2. This title reflects, deliberately or not, on an earlier installation by the same name, produced by Bruce Odland and Sam Auinger in North Adams, Massachusetts. This permanent installation, running since 1998 is described on their website in the following paragraph:

Traffic passing on Highway 2 overpass activates harmonic series in two 16 foot "C" tuning tubes affixed to the bridge. The resulting harmonic stereo field is installed in the reclaimed gothic acoustic space beneath, emanating from two "Cube" loudspeakers designed by O+A.


3. According to Kristeva, this ‘endless mobility’ is not a deconstructive, post-structural, motion of endless deferral. Rather, in marked distinction to deconstruction, which always still produces consensual sense, objectivity, even if this sense is temporal and contingent, the text’s endless mobility does not engage in consensual meaning but produces singular sense processes.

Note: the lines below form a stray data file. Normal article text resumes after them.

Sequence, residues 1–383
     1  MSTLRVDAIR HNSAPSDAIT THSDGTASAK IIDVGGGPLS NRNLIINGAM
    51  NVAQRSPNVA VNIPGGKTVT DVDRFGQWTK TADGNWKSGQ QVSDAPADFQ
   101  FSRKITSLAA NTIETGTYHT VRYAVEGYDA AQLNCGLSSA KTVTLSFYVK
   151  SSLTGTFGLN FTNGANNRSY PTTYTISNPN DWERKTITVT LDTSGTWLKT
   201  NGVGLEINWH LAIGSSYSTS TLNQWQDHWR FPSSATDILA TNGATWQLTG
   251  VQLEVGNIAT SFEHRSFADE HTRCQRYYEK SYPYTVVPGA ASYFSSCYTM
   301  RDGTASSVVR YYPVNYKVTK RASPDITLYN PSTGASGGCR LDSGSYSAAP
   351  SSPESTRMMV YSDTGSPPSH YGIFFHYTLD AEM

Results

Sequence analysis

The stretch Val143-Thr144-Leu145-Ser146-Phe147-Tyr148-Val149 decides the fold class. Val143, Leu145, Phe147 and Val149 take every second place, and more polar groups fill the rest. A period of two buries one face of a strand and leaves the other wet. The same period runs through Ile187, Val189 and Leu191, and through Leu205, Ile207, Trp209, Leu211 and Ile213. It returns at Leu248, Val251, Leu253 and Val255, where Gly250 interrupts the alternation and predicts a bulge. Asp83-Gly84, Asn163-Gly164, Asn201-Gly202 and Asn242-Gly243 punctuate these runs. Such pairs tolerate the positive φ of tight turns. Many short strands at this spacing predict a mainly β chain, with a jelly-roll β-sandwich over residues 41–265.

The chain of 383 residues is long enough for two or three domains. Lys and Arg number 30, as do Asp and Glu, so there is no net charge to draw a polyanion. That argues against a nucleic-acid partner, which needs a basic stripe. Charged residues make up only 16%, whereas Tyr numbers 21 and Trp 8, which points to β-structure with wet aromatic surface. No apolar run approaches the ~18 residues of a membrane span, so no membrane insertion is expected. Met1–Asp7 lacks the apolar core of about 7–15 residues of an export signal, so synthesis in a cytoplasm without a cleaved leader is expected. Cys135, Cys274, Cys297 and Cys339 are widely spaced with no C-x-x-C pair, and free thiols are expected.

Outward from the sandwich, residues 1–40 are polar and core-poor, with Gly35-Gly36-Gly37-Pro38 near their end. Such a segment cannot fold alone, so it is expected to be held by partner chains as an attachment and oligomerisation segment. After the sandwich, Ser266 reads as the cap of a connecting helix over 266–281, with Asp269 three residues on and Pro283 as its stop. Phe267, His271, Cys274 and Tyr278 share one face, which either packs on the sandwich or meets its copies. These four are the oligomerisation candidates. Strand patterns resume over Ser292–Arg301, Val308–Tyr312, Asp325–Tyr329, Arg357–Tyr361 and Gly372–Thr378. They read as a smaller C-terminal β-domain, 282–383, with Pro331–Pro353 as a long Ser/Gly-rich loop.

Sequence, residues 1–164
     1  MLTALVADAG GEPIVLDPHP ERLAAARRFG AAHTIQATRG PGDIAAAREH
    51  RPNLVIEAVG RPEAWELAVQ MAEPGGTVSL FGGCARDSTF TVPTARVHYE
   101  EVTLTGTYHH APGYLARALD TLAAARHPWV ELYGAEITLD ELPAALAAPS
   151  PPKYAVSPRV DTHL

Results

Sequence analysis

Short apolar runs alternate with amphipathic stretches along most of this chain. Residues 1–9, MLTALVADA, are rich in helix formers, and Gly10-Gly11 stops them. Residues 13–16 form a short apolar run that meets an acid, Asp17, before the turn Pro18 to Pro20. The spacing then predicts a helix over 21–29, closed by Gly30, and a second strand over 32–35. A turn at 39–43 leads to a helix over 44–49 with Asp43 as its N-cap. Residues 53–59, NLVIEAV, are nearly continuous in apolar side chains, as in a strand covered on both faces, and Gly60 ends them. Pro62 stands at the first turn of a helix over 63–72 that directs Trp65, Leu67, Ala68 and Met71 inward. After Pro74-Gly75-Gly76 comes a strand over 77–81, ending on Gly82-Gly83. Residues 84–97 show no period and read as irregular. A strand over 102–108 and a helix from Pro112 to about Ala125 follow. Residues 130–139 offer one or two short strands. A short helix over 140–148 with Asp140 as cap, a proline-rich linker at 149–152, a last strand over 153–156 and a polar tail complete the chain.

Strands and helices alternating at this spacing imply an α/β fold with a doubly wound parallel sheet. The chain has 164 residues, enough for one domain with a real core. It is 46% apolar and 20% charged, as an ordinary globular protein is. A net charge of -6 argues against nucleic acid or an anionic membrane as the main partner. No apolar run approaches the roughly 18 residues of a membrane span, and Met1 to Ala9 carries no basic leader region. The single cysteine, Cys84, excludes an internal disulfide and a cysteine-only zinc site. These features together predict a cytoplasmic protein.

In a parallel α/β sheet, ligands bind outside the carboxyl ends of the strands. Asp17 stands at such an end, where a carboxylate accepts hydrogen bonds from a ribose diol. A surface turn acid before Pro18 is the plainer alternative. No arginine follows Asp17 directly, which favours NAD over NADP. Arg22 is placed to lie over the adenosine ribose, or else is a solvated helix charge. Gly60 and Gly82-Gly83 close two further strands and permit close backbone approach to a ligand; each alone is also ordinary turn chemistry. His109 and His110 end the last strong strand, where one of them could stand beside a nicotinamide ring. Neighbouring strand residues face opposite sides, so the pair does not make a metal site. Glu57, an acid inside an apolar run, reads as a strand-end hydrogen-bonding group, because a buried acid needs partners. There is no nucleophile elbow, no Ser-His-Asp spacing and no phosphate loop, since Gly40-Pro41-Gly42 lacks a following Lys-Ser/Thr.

Bachelard, Gaston, The Poetics of Space, translated by Maria Jolas, (Beacon Press: Boston 1964, [orig.1958])

Chion, Michel, Audio-Vision: Sound on Screen Audio- translated by Claudia Gorbman, (Columbia University Press: New York, 1994, [orig. 1990])

DeCerteau, Michel, The Practice of the Everyday, translated by Steven Rendall (University of California

Press: London,1988, [orig. 1984])

Metz, Christian, ‘The Passion for Perceiving’, in Film Theory and Criticism, 4th Edition, Mast, Cohen and Braudy eds., (Oxford University Press: Oxford, 1992, [orig. from ‘The Imaginary Signifier’, in Screen vol. 16, no. 2])

Kristeva, Julia, Revolution in Poetic Language, translated by Margaret Waller with an introduction by Leon S. Roudiez, (Columbia University Press:  New York, 1984, [orig.1974])

Picht, Rebecca and Birgit Stöckmann eds, Media Art History, (Prestel, Munich: 1997)

Websites accessed 28.10.06 accessed 28.10.06